I hate heat. My heat-hate is legendary among the people who are within earshot of me for any extended period of time, which, admittedly, doesn’t happen very often. I hate heat so much that it makes me want to break pencils in half, just like Goldfinger did when his gin rummy scam got busted by James Bond.
In fact, whenever it gets really hot, I start to feel a lot like Goldfinger. “Do you expect it to rain?” someone will ask. “NO! I expect you to DIE!” I’ll respond petulantly. Only instead of planning to use a nuclear device to blow up Fort Knox, I would use a bunch of them to create one of these nuclear winters you hear about. That would be my criminal master plan–a glorious nuclear winter with no heat whatsoever, anywhere. The governments of the world would collectively scream, “Why? WHY? What evil goal could you possibly have hoped to achieve by doing something this overwhelmingly disastrous to humanity?” and I would say, “Ehh…I just hate heat, that’s all. MWAH-ha-ha-haaaaa!” and they would shriek, “You incredibly insane BASTARD!” and I’d be all like, “Yeah, whatever.”
Of course, we’d all eventually freeze to death. Or die of starvation. But for a while, it would be perfect. I’d get up in the morning and flick on the radio, and the weather report would be: “Well folks, absolutely no sunshine plus increasingly plummeting temperatures for the tenth week in a row, thanks to that incredibly insane bastard, porfle. Super weather for ice-fishing, I guess. That’s…that’s about it. May God have mercy on us.” And then the DJ would play something sadly ironic, like “Hot Fun in the Summertime” or “It’s a Sunshine Day” by the Brady Bunch, and you’d be able to hear faint weeping in the background. Which reminds me, I hate sunshine, too.
Come to think of it, Katie Couric would probably bawl her eyes out during her entire newscast every night, until a frozen doom inevitably overtook us all. And your local “happy talk” news show would be considerably less happy–no more cute human interest stories about some dopey little kid frying an egg on the hot sidewalk, or humorous video footage of fat people waddling around in bathing suits at the beach.
Fat people, in fact, would now be envied, since their vast stores of body fat would enable them to live longer than the fashionably skinny people like Fiona Apple or Adrien Brody, in addition to keeping them warmer–thereby giving them the last laugh. Which they would, by all rights, owe to me.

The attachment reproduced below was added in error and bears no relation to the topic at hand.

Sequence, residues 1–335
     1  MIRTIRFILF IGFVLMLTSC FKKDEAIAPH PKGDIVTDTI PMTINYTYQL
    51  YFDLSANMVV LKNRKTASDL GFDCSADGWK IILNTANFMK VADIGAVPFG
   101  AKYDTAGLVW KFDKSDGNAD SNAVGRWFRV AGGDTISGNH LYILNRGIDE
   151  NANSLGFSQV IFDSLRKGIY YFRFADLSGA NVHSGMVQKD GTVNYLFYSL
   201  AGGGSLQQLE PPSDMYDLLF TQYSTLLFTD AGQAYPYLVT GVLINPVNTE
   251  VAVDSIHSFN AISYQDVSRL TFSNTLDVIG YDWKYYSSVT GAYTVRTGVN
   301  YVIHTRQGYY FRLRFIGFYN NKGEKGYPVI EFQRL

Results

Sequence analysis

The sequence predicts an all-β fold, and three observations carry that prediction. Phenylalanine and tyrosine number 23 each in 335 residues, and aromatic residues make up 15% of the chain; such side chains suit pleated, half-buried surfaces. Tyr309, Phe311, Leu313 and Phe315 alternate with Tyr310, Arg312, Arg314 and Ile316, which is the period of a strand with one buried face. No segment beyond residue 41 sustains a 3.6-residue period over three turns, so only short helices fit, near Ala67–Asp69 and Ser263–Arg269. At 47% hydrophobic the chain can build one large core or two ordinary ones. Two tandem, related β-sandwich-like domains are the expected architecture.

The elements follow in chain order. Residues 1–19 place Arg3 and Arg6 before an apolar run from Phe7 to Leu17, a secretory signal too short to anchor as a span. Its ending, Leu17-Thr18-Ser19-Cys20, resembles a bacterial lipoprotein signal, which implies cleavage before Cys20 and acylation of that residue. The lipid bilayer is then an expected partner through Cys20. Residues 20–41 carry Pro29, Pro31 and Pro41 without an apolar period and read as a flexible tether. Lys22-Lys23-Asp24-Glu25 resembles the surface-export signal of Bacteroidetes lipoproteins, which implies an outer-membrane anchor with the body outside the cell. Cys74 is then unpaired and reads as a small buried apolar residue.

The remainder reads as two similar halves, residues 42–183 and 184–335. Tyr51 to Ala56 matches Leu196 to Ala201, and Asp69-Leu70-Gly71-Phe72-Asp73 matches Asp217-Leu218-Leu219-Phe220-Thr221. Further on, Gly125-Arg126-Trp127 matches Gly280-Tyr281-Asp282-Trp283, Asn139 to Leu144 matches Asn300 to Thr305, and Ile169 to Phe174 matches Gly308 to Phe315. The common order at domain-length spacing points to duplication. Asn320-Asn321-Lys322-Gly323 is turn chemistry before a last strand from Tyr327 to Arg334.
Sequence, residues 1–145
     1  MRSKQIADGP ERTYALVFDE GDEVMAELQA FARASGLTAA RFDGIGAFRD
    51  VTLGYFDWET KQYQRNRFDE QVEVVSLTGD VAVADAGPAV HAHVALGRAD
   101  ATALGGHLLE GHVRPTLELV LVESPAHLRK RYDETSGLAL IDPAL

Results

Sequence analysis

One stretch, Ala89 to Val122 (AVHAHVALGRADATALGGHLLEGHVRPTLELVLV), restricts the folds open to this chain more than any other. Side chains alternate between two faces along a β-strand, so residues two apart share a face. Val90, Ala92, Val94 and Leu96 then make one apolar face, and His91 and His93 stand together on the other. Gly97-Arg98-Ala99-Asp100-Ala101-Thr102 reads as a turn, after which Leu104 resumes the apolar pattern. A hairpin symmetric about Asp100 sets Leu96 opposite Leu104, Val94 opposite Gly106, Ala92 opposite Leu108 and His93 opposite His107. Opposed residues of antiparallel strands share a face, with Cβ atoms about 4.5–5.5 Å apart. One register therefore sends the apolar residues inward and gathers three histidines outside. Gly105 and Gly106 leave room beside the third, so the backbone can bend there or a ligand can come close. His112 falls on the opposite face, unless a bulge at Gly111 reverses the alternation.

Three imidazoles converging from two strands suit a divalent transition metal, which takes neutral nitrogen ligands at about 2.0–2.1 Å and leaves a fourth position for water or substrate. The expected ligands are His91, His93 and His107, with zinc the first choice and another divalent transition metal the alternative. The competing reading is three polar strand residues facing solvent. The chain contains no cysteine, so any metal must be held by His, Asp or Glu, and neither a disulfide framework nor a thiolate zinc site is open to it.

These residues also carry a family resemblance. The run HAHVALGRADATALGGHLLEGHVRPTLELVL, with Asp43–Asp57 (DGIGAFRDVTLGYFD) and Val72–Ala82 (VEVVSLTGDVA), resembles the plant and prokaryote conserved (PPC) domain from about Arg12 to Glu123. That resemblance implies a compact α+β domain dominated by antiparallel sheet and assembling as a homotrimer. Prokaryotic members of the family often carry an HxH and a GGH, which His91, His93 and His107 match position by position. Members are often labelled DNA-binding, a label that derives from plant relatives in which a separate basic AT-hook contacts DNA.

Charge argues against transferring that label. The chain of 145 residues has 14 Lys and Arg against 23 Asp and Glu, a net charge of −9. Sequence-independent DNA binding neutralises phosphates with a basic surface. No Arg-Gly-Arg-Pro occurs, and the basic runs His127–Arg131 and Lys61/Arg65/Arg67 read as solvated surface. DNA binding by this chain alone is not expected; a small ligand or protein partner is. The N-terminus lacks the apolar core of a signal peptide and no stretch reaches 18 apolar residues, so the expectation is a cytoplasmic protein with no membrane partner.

Stand-up comics wouldn’t be so funny anymore, either. They’d probably try to joke around for awhile, until the crushing horror of the situation became too much and they broke down onstage. Except Carrot Top, of course–he’d end up with a big goofy, stupid smile on his face while frozen solid in the middle of some horrible sight gag, until someone came along and mercifully kicked him over and he shattered into a million pieces.
As for Janene Garafalo, I can only imagine the razor-sharp, intellectual barbs she’d unleash against me in a dull, droning voice until she keeled over. Sarah Silverman, on the other hand, would probably find the worldwide “extinction-level event” to be an endless gold mine of priceless black-comedy material. Until she keeled over.
Anyway, I hate heat, and days filled with bright, glaring sunshine, and all the frolicsome things that sun worshippers love to run around doing when it’s hot and sunny. Ever go to the beach? It sucks. How about a hot, grimy, sweaty sport, like football? Sucks. Picnics are stupid, or at least they have been since the day some caveman piled a couple of rocks together and invented the chair. Cookouts are okay if someone cooks the food outside and then brings it inside for you to eat like civilized people, i.e. without flies crapping all over it.
Mainly, though, nothing is worth doing outside in the heat if it can be done inside under the air-conditioner, and preferably while lying down. You see, God knew that we would suffer through discomfort and toil for much of our lives, so that’s why He invented the prone position sometime around 20,000 B.C. It’s our reward for all that standing up that we have to do. Therefore, I consider it my moral duty to partake of it as often as possible, and as far away from heat as is geographically feasible. Which for me is about 17 feet, since I live in Texas and most of our summers are horrendous and last at least nine months.
Last year there was a day in mid-October when the temperature reached 100 friggin’ degrees. Mid-October…100 degrees. “Do you expect it to be this hot again tomorrow?” my neighbor asked me over the back fence. “NO! I expect you to DIE!” I screamed. By 4:30 there wasn’t a pencil left in my entire house. I was sorely tempted to finally go through with my nuclear-winter criminal master plan at long last, except I had neither the resources, the skills, nor the mental capacity to actualize such an endeavor. But if I had, Carrot Top’s dumb ass would be a giant frozen jerksicle right about now.
And don’t even get me started on humidity.